Sunday, May 6, 2012

The "Need" to Write

"You become a writer because you need to become a writer - nothing else." --Grace Paley

"All writers are vain, selfish and lazy, and at the very bottom of their motives there lies a mystery. Writing a book is a horrible, exhausting struggle, like a long bout of some painful illness. One would never undertake such a thing if one were not driven on by some demon which one can neither resist nor understand."-George Orwell

"I write for the same reason I breathe -- because if I didn't, I would die." --Isaac Asimov

"This before all: ask yourself in the quietest hour of your night: must I write?  Dig down into yourself for a deep answer.  And if this should be in the affirmative, if you may meet this solemn question with a strong and simple, I must, then build your life according to this necessity."- Rainer Maria Rilke

I come across this particular kind of idea about being a writer every once in a while. That it's a need, a compulsion. That if you aren't wanting with every fiber of all of your cells to put pen to paper or fingers to keyboard, you somehow aren't a "real" writer. You don't deserve to be a "real" writer.

I don't think I've ever felt, or will ever feel, this way. I like writing, obviously. It's sometimes hard and sometimes fun and sometimes all kinds of bullshit. But I don't do it because I feel some encompassing need deep down in my soul, some thrumming of words in my blood. I do it because writing is a weird, constantly changing challenge: making words fit together in the way I want them to, making my writing engage with the ideas, themes and feelings I find interesting and relevant. It's a way to be in the world and a way to understand the world.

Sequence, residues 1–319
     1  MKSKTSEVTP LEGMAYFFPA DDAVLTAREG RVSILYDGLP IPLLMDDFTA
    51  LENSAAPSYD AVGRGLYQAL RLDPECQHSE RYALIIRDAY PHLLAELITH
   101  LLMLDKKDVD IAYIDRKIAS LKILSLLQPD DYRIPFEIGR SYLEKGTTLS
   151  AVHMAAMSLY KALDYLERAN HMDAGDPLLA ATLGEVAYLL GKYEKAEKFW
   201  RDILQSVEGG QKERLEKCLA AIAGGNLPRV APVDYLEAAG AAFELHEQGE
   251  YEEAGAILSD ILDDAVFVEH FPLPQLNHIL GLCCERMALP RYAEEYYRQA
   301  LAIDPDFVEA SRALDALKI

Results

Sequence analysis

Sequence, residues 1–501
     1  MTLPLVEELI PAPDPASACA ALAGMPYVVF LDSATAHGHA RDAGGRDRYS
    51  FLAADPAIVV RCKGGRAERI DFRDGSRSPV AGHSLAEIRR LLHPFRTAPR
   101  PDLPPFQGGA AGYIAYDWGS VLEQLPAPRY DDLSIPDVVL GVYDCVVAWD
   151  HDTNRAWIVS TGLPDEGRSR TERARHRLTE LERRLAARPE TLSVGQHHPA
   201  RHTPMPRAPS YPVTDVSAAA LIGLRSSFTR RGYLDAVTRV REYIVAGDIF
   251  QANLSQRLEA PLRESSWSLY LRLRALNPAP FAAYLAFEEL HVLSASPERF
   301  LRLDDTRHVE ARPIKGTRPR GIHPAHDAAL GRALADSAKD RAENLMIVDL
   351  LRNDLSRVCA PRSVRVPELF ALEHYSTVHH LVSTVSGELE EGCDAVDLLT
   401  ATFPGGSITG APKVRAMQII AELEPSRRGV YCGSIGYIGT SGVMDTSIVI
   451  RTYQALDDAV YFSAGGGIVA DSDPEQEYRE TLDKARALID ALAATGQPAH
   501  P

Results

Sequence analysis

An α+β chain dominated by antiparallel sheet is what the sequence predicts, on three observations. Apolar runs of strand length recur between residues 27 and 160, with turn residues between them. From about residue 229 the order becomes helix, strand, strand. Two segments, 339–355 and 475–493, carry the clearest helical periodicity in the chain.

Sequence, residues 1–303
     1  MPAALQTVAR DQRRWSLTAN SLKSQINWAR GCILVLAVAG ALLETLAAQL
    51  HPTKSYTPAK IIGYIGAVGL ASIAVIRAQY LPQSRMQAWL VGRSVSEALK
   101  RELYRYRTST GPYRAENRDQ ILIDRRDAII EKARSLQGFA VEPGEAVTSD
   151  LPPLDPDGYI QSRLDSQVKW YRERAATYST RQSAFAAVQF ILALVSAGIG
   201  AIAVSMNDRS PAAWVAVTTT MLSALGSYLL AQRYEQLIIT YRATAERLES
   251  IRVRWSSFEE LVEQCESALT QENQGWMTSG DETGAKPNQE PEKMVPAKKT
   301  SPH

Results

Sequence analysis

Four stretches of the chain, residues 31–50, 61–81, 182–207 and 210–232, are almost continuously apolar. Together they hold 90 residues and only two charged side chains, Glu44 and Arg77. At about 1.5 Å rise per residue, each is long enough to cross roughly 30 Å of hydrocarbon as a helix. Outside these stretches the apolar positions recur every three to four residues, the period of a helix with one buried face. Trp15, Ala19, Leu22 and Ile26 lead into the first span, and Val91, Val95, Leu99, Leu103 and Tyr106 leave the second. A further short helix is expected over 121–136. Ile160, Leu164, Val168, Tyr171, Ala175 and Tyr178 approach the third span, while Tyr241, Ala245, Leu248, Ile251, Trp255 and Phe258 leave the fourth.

I feel like I see this WRITE OR DIE sentiment more commonly directed towards writing students and younger writers. It's supposed to be inspirational, I guess. Aubrey Hirsch wrote about this phenomenon on her blog, using an example of the famous Charles Bukowski poem "so you want to be a writer?" I can't stand Bukowski anyway, but her refutation of his rhetoric is pretty spot on. A lot of writing is work; the simple fact of fucking sitting down and doing it, whether you've got some kind of divine inspiration or not. That willingness to read more and write more and learn more and always be open to more and for more, that's a big chunk of "it," the writing life. But I'm not sure I see the writing life as a slog through some long tortuous journey of constant effort and work, either.